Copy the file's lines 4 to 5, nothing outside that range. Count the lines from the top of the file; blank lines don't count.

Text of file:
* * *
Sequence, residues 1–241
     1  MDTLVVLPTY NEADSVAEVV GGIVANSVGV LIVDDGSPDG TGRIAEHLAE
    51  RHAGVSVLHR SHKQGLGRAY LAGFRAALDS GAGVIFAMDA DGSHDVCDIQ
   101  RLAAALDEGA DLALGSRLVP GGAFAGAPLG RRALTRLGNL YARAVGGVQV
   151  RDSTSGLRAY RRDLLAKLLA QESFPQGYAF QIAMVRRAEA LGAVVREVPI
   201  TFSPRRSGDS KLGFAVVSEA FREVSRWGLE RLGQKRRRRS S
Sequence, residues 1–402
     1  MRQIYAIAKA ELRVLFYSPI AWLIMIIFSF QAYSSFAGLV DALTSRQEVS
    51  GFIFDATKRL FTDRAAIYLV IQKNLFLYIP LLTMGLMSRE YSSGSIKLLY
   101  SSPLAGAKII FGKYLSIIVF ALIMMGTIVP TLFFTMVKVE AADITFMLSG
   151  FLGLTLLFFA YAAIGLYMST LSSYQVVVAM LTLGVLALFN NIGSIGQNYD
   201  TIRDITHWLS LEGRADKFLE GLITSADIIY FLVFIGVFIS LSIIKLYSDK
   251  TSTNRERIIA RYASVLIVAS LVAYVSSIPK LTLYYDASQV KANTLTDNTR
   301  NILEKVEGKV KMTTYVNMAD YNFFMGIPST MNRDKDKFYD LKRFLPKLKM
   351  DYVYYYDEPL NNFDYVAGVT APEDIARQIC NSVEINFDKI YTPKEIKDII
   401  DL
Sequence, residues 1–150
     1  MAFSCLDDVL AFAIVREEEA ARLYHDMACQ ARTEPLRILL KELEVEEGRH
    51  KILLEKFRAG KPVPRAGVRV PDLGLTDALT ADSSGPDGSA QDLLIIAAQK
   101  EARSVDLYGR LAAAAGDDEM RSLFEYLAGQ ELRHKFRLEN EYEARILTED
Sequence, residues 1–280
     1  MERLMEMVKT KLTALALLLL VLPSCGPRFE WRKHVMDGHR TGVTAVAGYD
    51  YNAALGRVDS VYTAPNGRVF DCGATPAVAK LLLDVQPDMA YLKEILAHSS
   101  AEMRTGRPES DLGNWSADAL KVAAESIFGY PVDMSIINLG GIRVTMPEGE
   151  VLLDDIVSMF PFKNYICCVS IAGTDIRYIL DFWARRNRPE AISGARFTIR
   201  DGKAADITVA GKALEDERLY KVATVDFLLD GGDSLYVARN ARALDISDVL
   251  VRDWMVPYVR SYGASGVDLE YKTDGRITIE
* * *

   101  RLAAALDEGA DLALGSRLVP GGAFAGAPLG RRALTRLGNL YARAVGGVQV
   151  RDSTSGLRAY RRDLLAKLLA QESFPQGYAF QIAMVRRAEA LGAVVREVPI